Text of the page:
How to use Google’s Prettify to add syntax highlighting to code snippets

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As this blog was going to have posts on programming (as obvious from the name of this blog and About page), I would most likely need to use code snippets as examples, because it isn’t fun to discuss about programming without any mention of source code. Despite the fact that not all programming blogs have syntax highlighting enabled for their code snippets, it is quite ugly in look to see the code without proper formatting and syntax highlighting.

With the use of Google’s JavaScript module called Prettify, you can easily highlight your code. The following is an example of how your code will look like when using this module:

The above example is the famous Hello, World program in C++. You can see that the code is highlighted in the fashion of vim text editor (more on that later).

So how can I use this awesome feature in my programming blog?

You simply need to copy the HTML/CSS/JavaScript code from the trunk of Prettify to your HTML page. To make sure you don’t end up copying the wrong code, I copied and pasted the required code (thanks to this post):

Paste the following before </header>:

Paste the following in the <style> tag:

Note: If you are using the Tumblr platform for your blog/site, then just copy the CSS code in your “Custom CSS”. Do not mess with the <style> tag in HTML customization page!

Once the library is properly installed, you can pre-format and highlight your code by simply writing the code snippets in <pre> and <code> blocks as follows:

You don’t need to specify the programming language; Google’s Prettify figures it out itself! The <pre> tag is for pre-formatting the code and <code> is for highlighting it, so make sure to use both <pre> and <code> tag when adding a source snippet in your post.

HTML Encoding

One thing that you need to keep in mind is that you must change all the angle brackets in your code to &lt; and &gt; which means you need to change all of your < to &lt; and > to &gt; in the code. I use this online encoder to encode my code to the proper HTML.


I use the Sunburst style, so the CSS code that I posted will give you the Sunburst style as well. I prefer this style because its look is similar to vim text editor, which I use as my default text editor on Linux, but you can use different themes for your own taste.

This procedure for adding syntax highlighting can be used anywhere the customization of HTML is available such as Tumblr. See this stand-alone HTML page example.

Faster way to load Google’s Prettify

Previously we hard coded the whole JavaScript and CSS for styling. The quickest way to add Google’s Prettify is to simply load run_prettify.js via one URL.

You need to specify the parameters; I specified lang parameter and skin parameter. Note that to use syntax highlighting with this method, you need use prettypink class.

See this stand-alone HTML page example.

Did this post teach you something you didn’t know before? Please let me know in the comments section below!

div vs span (HTML) – What’s the difference?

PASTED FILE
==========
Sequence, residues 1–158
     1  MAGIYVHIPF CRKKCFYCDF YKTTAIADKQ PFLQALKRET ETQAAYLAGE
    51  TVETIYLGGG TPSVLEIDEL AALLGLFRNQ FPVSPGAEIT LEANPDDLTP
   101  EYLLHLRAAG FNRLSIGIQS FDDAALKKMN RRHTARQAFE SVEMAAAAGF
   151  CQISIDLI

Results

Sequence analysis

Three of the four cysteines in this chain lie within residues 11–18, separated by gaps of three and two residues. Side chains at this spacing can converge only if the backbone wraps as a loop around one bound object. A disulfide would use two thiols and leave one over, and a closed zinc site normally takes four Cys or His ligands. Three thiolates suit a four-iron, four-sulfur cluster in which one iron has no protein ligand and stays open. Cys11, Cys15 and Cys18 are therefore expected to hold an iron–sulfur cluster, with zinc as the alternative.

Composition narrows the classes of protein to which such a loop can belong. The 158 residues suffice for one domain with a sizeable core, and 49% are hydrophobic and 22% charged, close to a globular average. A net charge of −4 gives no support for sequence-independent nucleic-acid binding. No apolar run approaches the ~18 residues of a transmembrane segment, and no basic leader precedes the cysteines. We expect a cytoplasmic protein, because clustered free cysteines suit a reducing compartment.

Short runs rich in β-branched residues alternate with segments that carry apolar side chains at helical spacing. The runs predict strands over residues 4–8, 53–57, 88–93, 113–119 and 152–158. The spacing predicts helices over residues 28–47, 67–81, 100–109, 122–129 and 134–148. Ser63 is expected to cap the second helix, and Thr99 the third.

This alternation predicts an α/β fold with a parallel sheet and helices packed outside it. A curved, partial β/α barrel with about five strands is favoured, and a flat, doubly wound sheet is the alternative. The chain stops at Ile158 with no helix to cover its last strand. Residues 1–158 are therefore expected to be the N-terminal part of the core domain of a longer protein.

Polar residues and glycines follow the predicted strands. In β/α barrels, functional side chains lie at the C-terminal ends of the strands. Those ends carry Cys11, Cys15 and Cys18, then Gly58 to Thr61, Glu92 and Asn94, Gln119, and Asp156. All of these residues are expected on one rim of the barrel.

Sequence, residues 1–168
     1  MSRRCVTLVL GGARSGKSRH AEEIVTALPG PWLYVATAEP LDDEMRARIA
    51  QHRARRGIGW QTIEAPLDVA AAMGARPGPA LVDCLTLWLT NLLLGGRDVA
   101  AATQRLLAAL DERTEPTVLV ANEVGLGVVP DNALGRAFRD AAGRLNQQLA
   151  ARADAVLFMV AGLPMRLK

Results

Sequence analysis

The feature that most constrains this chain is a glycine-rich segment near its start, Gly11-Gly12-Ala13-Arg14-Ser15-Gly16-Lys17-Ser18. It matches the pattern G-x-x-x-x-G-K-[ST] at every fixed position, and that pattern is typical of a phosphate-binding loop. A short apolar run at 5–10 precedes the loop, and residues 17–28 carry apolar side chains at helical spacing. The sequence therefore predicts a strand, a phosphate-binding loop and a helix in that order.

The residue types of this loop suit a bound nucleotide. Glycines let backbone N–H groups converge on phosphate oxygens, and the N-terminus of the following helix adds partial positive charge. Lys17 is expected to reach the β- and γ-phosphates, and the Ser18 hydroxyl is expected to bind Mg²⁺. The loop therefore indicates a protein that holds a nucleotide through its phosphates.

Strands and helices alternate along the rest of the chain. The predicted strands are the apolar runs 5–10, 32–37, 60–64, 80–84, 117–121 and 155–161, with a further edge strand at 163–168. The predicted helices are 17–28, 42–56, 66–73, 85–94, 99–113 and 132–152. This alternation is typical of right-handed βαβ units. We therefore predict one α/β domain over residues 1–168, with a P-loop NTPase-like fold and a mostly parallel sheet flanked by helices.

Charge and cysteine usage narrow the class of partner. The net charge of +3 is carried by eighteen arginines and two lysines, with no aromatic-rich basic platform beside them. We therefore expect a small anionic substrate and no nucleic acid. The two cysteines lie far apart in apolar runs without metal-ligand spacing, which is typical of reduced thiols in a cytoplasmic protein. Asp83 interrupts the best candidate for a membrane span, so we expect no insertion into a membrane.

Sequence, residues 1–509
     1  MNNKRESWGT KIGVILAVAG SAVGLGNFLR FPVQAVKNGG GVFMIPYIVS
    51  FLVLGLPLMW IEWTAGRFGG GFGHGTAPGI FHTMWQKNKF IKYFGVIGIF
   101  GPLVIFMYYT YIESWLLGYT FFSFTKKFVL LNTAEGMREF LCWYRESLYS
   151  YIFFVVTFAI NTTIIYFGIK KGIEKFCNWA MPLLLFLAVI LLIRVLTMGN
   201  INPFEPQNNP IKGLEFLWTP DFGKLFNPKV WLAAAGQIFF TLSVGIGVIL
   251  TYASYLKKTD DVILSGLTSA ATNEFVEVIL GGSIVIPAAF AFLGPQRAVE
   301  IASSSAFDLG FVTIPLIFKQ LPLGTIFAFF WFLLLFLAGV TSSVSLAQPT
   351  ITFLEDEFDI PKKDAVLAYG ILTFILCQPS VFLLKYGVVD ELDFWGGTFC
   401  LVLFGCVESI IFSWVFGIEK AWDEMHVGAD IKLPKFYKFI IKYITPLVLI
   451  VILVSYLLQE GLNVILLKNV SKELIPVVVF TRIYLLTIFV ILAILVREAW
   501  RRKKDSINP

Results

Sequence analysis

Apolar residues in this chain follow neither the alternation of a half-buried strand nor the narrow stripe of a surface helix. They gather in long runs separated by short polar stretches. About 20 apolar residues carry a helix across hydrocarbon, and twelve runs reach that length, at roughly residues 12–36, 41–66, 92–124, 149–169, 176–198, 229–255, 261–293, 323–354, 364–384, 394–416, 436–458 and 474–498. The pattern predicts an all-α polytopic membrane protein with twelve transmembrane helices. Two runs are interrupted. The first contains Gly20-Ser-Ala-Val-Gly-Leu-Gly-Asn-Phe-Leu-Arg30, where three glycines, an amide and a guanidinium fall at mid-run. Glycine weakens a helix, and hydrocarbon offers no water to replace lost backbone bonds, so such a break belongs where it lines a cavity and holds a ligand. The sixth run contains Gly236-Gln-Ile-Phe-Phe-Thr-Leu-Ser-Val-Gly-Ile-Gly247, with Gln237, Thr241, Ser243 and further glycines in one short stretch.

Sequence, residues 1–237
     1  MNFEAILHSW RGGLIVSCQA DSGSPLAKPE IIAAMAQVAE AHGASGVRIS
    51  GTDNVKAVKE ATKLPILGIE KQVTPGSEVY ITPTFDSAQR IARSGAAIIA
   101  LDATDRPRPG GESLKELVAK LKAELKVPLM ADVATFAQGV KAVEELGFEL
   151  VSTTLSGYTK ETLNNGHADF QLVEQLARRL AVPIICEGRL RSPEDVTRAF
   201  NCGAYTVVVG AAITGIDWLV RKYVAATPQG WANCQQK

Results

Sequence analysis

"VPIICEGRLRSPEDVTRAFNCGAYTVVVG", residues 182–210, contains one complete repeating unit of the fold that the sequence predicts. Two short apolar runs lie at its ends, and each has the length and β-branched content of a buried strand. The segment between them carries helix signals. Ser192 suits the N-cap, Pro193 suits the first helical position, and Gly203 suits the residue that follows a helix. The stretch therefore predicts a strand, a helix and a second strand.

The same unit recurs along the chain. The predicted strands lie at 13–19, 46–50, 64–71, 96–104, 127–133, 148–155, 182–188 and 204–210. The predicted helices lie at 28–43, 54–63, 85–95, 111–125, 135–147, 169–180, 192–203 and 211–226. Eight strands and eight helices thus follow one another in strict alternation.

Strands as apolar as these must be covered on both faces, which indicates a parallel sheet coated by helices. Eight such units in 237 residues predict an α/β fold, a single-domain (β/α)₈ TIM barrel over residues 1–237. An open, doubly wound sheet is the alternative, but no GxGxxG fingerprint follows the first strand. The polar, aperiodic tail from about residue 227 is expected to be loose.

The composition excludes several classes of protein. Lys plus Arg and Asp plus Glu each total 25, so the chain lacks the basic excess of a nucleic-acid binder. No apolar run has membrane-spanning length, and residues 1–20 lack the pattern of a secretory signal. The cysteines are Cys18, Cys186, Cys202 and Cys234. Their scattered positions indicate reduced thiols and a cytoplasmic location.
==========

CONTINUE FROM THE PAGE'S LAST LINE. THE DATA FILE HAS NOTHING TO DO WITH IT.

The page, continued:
Beginners learning the HTML and web designing / development often ask the difference between these two HTML tags, especially if they are learning by looking at the HTML code, as they both seem to do the same job of defining a section of HTML code as a class or an ID, which can later be styled using CSS (Hint: CSS is used for the presentation of HTML code).

Here, in this tutrorial, I will tell you the differences between them and which is appropriate for different cases.

div vs span (HTML) – What’s the difference?

div – Document Division Element

<div> tag is used for defining a division or a section in an HTML page as a class or an ID, which then can be formatted / styled with CSS. It divides the page into a section! Consider the following example:

Here, we have defined a class “green-section” with <div> tag. The defined class “green-section” was earlier styled within <style> tag to change the text color to green. Thus, you can see that we used <div> tag to define a paragraph as the one with green text.

Through it, we can separate different sections of a website. For instance, you can define left / right widgets section in your blog with <div>, change the size of widgets, etc. It is generally used with block-level content.

Note that <div> creates a line around the section, so you don’t need to use <p> for the text. Following is its default CSS value:

span – Inline Element

It is used for defining an inline element within a section (i.e., <div> enclosed text, etc.) as a class or an ID. It is used for spanning the element!

Continuing from the previous example, we will now add a <span> tag to define a new element within the <div> defined section to change our text color to blue:

Here you can see that I’ve added a <span> tag to define a new class “blue-text” for changing the text color to blue through CSS. <span> doesn’t create a line around the element, so it is suitable for defining a sub-section of a section. It is normally used to change the property of some text in a paragraph to make it prominent. Infolinks script changes the contextual text to ads through span element.

Note that both <div> and <span> should be used in the places where normal tags (<em>, <strong>, etc.) are not enough. Overusing them can result in an ugly and hard-to-manage code.

Following is the stand-alone example of HTML which you can copy / paste into your text editor, save it to index.html and then open the file in your browser to see its usage:


In this tutorial, I have showed you the difference between these two tags and its appropriate use.
If you have any question regarding these tags or HTML, then why not leave comments in the comments section below so that I can make you happy?